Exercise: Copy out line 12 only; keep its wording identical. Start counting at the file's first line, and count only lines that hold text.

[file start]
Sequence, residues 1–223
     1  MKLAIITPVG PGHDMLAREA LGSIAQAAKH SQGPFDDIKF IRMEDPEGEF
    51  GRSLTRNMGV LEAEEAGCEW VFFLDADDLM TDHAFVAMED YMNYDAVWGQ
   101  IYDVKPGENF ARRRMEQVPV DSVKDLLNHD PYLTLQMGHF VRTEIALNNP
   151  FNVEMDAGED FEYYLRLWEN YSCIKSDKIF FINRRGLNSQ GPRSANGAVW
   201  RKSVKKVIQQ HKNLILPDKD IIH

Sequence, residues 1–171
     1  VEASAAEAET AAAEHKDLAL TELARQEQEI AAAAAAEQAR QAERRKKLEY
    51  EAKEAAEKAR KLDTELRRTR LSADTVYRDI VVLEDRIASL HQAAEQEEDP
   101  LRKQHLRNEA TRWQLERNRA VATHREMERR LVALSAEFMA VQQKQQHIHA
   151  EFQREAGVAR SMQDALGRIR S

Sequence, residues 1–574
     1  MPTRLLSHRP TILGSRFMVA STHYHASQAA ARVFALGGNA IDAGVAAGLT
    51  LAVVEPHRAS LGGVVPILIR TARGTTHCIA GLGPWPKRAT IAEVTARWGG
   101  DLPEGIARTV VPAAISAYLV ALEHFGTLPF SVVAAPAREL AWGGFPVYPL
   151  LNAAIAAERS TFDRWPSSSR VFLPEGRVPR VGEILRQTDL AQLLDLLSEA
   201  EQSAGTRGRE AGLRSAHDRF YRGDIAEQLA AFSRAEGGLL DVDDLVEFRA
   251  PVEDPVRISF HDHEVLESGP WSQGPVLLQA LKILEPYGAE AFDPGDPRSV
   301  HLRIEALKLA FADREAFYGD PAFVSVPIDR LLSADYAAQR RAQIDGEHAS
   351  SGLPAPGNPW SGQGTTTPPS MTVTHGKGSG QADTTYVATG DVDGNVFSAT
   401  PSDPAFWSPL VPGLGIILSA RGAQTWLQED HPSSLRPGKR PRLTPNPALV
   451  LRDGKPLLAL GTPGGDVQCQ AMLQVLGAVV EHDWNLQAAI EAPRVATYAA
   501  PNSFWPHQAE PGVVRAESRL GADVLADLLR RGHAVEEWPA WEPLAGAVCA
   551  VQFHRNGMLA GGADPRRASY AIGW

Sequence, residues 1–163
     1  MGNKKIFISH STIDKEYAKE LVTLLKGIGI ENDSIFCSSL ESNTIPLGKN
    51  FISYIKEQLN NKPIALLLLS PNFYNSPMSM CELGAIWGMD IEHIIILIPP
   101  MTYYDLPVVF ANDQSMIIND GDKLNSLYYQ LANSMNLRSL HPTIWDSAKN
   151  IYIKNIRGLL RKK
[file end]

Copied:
Sequence, residues 1–574